Axel Hütte

From Wikipedia, the free encyclopedia
Alex Hütte
Essen, Germany
Known forphotography
MovementDüsseldorf School of Photography

Axel Hütte (born 1951) is a German photographer. He is considered one of main representatives of the Düsseldorf School of Photography.[1]


Hütte was born in the German city of Essen in 1951. He studied photography in Düsseldorf Art Academy from 1973 to 1981, attending Bernd Becher’s class.[2] He received a scholarship from the German Academic Exchange Service to study in London and in 1985 a scholarship to study at the German Study Center in the Palazzo Barbarigo della Terrazza in Venice. From 1986 to 1988 he was the recipient of a Karl Schmidt-Rottluff scholarship.

In 1993, Hütte received the Hermann Claasen Prize for Creative Photography. Since then, he has been working as a freelance photographer.

Hütte lives and works in Düsseldorf. His studio is located in the former power station on Hansaallee in Düsseldorf-Oberkassel, where the photographers Andreas Gursky, Thomas Ruff and Laurenz Berges also have their studios since the early 1980s. The property was remodeled by Swiss architects Herzog & de Meuron in 2001, and once again, in 2010–2011.[3]


Hütte, in addition to his documentary-style work, since the late 1990s, has also turned his interest to subjects that seem more painterly, like landscapes and cityscapes. His photographs of architecture, such as bridges, stairwells, corridors or subway stations, show seemingly banal things, sometimes only fragments, in a disciplined form but without apparently great sensorial appeal.[4]

His works is a reflection on the mimetic possibilities of photography. The main purpose of his photographic work is not the exact nature of reality using the camera, but the reflection of the relationship between images.

He has been considered the equivalent to an "landscape painter" among contemporary photographers, and has a lot of experience with night shots.[5]

Hütte described his works in the comprehensive exhibition held in the Kunsthalle Krems: “Imperial, Majestic and Magical [the name of the exhibition] refers to concrete and at the same time enigmatic visual worlds that are familiar to us but appear strange in the picture. They should reactivate memories or dreams in the viewer, i.e. address the implicit memory, and make the world experienceable as real and at the same time as imagination.”[6]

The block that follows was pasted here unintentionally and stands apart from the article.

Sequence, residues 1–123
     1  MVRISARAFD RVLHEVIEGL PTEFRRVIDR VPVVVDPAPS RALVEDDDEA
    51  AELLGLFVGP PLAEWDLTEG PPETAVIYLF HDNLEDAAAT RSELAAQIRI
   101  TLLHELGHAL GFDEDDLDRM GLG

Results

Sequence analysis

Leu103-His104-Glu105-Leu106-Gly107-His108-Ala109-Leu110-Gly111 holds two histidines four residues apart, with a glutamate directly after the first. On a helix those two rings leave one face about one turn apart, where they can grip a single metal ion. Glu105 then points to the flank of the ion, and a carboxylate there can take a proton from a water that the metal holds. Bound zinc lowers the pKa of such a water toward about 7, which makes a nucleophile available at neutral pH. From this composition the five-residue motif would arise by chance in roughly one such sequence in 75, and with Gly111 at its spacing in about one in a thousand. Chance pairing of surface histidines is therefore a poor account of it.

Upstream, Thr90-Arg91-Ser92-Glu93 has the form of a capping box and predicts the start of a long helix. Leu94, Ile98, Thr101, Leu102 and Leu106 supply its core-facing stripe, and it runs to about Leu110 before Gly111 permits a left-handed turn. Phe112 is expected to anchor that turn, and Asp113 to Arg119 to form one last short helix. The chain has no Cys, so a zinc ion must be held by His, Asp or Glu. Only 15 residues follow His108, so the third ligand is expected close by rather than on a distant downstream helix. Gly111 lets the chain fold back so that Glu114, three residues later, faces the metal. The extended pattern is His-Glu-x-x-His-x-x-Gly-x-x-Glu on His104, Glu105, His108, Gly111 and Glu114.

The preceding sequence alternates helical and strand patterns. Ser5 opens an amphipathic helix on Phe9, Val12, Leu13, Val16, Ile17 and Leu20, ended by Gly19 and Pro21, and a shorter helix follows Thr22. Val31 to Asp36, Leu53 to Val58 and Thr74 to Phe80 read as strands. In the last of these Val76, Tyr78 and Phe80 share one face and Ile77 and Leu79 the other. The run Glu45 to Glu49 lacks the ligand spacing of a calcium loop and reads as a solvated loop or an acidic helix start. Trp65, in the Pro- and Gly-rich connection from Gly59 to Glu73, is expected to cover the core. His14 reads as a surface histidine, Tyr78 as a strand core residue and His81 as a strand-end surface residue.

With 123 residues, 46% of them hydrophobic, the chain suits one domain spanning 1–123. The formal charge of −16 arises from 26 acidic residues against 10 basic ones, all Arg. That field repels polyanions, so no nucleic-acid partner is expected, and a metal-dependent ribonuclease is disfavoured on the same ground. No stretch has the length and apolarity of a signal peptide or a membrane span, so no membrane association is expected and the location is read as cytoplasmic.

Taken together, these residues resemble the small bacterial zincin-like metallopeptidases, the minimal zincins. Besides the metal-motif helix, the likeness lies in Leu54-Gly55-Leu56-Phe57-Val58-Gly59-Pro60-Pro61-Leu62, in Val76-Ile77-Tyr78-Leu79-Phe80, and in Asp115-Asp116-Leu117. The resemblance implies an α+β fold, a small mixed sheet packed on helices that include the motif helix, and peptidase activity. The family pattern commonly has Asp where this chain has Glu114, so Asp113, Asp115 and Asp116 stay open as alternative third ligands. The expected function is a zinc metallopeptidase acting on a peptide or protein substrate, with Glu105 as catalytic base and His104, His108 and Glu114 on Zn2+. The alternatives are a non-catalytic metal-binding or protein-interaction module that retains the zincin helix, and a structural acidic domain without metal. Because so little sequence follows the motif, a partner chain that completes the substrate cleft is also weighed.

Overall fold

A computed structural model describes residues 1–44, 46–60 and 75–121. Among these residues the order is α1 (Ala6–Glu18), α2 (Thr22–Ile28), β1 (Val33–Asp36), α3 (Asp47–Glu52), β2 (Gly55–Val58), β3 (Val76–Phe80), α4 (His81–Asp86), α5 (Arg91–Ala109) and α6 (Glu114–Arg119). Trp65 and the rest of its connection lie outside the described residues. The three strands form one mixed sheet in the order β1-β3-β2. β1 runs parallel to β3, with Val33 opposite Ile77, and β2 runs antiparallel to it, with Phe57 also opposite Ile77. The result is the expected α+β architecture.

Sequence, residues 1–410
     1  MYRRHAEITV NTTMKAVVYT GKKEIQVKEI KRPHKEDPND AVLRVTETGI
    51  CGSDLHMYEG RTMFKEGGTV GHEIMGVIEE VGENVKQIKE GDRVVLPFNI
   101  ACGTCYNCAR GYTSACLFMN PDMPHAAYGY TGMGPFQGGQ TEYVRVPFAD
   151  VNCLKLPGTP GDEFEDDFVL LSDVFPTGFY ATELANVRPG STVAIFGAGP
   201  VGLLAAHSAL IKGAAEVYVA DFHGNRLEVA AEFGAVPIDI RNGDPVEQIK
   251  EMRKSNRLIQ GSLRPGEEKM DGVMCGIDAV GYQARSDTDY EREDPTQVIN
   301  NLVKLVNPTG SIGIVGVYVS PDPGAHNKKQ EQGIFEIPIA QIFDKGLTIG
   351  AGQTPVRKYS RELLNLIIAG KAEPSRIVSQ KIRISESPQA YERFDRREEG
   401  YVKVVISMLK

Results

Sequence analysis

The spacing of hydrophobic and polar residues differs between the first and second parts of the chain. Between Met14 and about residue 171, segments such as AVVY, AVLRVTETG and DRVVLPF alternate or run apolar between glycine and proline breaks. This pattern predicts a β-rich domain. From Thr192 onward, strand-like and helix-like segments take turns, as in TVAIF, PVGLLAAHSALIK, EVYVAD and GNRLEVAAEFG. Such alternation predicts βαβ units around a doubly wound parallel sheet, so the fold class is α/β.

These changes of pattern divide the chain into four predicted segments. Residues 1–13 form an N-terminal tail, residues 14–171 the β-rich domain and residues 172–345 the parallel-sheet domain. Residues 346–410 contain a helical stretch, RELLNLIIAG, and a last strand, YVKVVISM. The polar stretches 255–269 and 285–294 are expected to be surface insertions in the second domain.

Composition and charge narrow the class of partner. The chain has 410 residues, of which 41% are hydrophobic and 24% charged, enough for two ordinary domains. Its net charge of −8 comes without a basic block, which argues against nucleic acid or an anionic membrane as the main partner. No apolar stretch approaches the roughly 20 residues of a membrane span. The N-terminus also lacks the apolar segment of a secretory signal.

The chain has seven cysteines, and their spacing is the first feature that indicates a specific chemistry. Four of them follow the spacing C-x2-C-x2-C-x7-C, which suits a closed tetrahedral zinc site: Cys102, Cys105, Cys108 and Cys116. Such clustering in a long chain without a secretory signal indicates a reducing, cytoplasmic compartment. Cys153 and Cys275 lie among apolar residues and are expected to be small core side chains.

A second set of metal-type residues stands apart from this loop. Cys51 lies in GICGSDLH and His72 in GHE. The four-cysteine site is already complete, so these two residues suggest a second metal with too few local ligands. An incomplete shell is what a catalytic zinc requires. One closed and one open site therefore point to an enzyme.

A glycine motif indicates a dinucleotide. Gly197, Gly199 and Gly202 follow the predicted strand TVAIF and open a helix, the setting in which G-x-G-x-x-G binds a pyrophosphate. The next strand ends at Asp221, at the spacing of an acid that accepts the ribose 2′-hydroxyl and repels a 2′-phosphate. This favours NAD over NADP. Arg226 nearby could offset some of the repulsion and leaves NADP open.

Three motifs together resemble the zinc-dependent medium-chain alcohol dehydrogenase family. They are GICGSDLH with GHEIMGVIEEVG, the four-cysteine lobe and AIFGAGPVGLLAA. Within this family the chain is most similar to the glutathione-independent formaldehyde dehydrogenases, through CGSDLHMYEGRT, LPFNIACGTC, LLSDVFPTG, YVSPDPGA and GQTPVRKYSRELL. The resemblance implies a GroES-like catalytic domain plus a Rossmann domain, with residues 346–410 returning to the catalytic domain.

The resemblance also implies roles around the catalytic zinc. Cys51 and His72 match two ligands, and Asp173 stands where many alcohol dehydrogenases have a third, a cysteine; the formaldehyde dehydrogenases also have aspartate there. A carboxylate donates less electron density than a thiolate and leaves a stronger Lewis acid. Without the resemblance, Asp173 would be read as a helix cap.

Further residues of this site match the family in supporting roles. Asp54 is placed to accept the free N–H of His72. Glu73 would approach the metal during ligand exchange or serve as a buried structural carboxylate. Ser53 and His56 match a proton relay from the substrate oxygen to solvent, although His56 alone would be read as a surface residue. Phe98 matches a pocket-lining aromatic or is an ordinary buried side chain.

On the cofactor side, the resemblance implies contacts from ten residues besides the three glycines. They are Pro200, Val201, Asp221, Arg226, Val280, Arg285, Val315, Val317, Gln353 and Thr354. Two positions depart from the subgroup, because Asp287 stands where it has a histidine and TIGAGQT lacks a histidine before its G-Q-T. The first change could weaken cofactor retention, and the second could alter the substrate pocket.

• As Dark As Light. Schirmer/Mosel Verlag. 2001. ISBN 978-388-814929-0.
  • Terra Incognita. Reina Sofia. 2004. ISBN 978-848-026217-0.
  • Axel Hütte speaks with Stephan Berg. La Fábrica Editorial and Fundación Telefónica. 2009. ISBN 978-849-249889-5.
  • Towards the Wood. Schirmer/Mosel Verlag. 2011. ISBN 978-382-960515-1.



  • 1997: Theorea. Fotomuseum Winterthur.[7]
  • 1997: Fecit. Kunstverein Hannover.[8]
  • 2004: Terra Incognita. Museo Nacional Centro de Arte Reina Sofia.[9]
  • 2011: Emerald Woods. Dirimart Gallery, Istanbul.[10]
  • 2013: Palacio Municipal de Exposiciones Kiosco Alfonso, A Coruña, Spain.
  • 2014: Fantasmi E Realtà. Bevilacqua La Masa Foundation, Venice.[11]
  • 2014: Paisaje Escindido. Museo San Telmo, San Sebastián, Spain.
  • 2015: Shadows of Lights. Galeria Helga de Alvear, Madrid.[12]
  • 2017: Imperial – Majestic – Magical. Kunsthalle Krems, Germany.
  • 2017: Night and Day. Museum Kunstpalast Düsseldorf, Germany.
  • 2019: Kosmos Tropical. Galerie Daniel Marzona, Berlin, Germany.



Hütte's work is held in the following permanent public collections:[16]


  1. ^ "Axel Hütte".
  2. ^ "Why Germany's best photographers all studied with Bernd and Hilla Becher".
  3. ^ Stephanie Kiwitt. "Andreas Gursky". Artist Files. Centre Photographie Genève. Retrieved 2023-02-17.
  4. ^ "Axel Hütte". Retrieved 2023-02-17.
  5. ^ "Axel Hütte". Retrieved 2023-02-17.
  6. ^ Axel Hütte. Imperial–Majestic–Magical, with text by Florian Steininger (coordinator), Verlag der Buchhandlung Walther König, 2018 (German)
  7. ^ "Axel Hütte - Theorea".
  8. ^ "Axel Hütte – Fecit".
  9. ^ "Axel Hütte. Terra incognita – Lanzarote".
  10. ^ "Woodland reflections blur reality and illusion". 7 December 2011.
  11. ^ "Axel Hütte – Shadows of Lights". Bevilacqua La Masa Foundation.
  12. ^ "Axel Hütte – Shadows of Lights".
  13. ^ "Britain through the lens of outsiders". The Financial Times. 2016-02-19.
  14. ^ "Review: Strange and Familiar: Britain as Revealed by International Photographers". The Mancunion. Archived from the original on 2017-07-08. Retrieved 2017-05-08.
  15. ^ "A class apart: a new show explores the radical approach of the Bechers and their students". Wallpaper. 2017-04-26.
  16. ^ "Axel Hütte | artnet".